We saw that through the summer, with some of the social issues—which were well recorded—in relation to people visiting national parks and other places of interest. That led to the visitor management strategy group, which is looking at two things. One is the issues that are being caused by Covid in the short term; the other is the long-term vision for visitor management, what that means for infrastructure, investment, amenities and facilities, and how we bring all of that together. A lot of work is going on, but it is the same old story about all of that taking place in silos as opposed to being part of a collective effort.
I would not pick out a particular local authority; they are all playing a great role. They do things differently, as is their right, but they all get the importance of the visitor economy to their areas.
I thank Malcolm Roughead for his comment. Our organisation is structured in such a way that we have an industry council that is representative of upwards of 30 national trade bodies of all the different sectors. As a sector evolves, it is not excluded but is invited into the dialogue. We convene on a regular basis through not just the council but the forums.
We work very closely with UKHospitality, which is without question the acknowledged, overarching sector lead in the UK, and the British Beer and Pub Association has its Scottish division as well. We also work with established trade bodies including ASVA and ALVA. As I said, we are very joined up, and we have not closed our ranks to other businesses. Throughout the pandemic, we have shared all our intelligence and our updates, and we have invited and represented comments from individual businesses and independent groups that have established themselves. The Scottish hospitality group is a collective of some businesses that have appointed a spokesperson in Stephen Montgomery. As trade bodies, the sector groups are very together.
We have had regular dialogue with the cabinet secretary and good dialogue with the First Minister, and other party leaders have been included and invited to take part and engage directly with the industry through the channels of the forums and the STA. I think that we are seen as a trusted voice. I am not the best person to articulate the specifics of every sector of our industry, but where there is a common language and our policy agenda is shaped by our council, we happily represent that.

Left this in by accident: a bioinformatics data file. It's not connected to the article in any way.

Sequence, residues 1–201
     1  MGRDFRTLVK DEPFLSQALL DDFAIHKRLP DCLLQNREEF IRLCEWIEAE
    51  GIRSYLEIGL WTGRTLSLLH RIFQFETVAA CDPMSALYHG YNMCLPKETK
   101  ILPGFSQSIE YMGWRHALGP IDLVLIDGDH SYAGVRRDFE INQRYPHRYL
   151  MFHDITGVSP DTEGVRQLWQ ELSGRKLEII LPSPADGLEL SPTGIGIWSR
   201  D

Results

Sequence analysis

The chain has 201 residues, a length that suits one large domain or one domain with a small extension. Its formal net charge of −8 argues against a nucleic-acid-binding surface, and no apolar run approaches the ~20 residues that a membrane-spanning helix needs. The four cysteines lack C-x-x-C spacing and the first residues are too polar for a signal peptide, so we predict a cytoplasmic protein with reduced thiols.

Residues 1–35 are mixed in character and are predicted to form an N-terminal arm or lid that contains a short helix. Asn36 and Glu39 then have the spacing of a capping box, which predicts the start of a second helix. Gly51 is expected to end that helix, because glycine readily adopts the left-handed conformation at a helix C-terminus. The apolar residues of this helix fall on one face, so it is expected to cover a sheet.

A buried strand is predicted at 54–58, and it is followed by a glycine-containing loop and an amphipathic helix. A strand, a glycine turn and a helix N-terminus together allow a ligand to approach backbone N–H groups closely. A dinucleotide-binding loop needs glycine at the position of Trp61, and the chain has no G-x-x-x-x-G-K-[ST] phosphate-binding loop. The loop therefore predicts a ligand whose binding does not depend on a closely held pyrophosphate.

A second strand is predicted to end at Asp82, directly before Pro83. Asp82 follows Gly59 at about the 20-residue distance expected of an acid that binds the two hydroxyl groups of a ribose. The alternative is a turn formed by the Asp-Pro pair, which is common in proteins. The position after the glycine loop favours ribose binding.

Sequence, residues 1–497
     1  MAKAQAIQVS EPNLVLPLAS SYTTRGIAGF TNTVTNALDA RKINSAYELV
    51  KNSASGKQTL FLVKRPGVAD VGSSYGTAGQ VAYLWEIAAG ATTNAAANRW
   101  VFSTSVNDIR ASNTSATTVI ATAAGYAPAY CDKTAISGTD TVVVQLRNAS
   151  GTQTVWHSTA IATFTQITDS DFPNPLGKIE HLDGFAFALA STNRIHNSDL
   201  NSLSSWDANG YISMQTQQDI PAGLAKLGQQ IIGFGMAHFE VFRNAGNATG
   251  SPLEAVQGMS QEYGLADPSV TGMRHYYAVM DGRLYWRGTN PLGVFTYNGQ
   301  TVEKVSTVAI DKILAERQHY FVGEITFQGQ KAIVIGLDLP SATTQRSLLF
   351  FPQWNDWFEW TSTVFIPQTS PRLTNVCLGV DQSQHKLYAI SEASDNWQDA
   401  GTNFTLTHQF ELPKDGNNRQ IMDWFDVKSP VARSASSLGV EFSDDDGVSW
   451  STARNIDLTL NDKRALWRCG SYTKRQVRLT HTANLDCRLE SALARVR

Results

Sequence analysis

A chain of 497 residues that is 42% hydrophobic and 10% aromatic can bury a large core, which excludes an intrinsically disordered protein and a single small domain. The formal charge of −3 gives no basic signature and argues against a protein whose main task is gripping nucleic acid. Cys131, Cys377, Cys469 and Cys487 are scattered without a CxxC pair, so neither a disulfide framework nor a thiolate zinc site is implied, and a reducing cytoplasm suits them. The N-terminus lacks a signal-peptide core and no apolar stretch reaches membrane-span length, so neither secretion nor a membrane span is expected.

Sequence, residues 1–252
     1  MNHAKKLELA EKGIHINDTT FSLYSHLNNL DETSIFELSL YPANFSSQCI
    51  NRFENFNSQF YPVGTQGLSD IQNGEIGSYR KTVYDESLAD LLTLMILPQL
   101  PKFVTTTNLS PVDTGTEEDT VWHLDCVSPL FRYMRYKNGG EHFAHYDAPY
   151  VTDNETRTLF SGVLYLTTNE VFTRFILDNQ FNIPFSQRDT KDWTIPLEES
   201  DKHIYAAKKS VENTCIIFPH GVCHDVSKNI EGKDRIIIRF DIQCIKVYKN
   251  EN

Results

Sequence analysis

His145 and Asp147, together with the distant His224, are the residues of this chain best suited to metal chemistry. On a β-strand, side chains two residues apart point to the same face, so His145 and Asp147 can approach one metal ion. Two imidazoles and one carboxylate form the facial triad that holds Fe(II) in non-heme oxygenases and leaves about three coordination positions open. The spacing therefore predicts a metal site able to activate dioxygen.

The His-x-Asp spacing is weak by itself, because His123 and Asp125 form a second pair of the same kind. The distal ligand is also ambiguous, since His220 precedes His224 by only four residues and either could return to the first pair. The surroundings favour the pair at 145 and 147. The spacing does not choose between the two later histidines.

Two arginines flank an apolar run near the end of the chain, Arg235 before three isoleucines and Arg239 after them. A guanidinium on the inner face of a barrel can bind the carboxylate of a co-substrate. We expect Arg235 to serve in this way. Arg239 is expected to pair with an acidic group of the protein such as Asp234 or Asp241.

Going back to the point that was made about local authorities, I note that Malcolm Roughead rightly said that the situation has improved. However, certain authorities are ahead of others as far as the tourism agenda goes and have maybe treated it in a different way. There are some exemplars. Argyll and Bute Council is one that has stood out from the crowd. The Outer Hebrides group has also really grown in stature. South of Scotland Enterprise is in its early stages, but it is coming together with a good structure.
Things are also driven by the tourism collectives in local authority areas coming together, making their voices heard and working with the authorities. Malcolm Roughead mentioned Ayrshire. We need those Ayrshire businesses to get round a table and lead, but with the support of the local authorities as well. It is a collective effort, as it is at the national level. Communities are important, too, because the benefits that tourism brings in all those areas are well known to everybody. They are perhaps not always understood in some areas, but the position is 100 times better than it was eight or nine years ago.
The STA is now coming into its 10th year. Previously, we had, I think, 365 tourism groups. Those pockets of groups were ineffective. Bringing people together in the way that has happened over the past few years has been good—it has helped to amplify the collective voice of tourism. However, it can always be better.
As I said, we know from our relationships with our colleagues south of the border and with those around the UK industry council table that their agendas, the issues with tourism and the priority areas that need to be addressed are no different in Wales, England or Northern Ireland. I have regular dialogue—pretty much weekly—with my counterparts on those issues.
Malcolm Roughead and Marc Crothall have covered most things. Like Malcolm, I have been really impressed by how local authorities have, in the main, swung into action, when we think about what they are dealing with across the pandemic around basic services, education, social services and those kinds of things.
The Scottish local authorities economic development group is now meeting daily so that practitioners can share ideas and best practice on the funds and try to speed things up. SLAED has been working with us, VisitScotland and others to share information and best practice and see how we can join things up more effectively. People are highly conscious of the issues; it just comes back to the challenge that Christine Grahame articulated well at the start of the evidence session. How can we all respond at pace in a way that will get the job done and, in the short term, get the money out the door to businesses in a way that adds value? In spite of everything, local authorities are doing a very good job.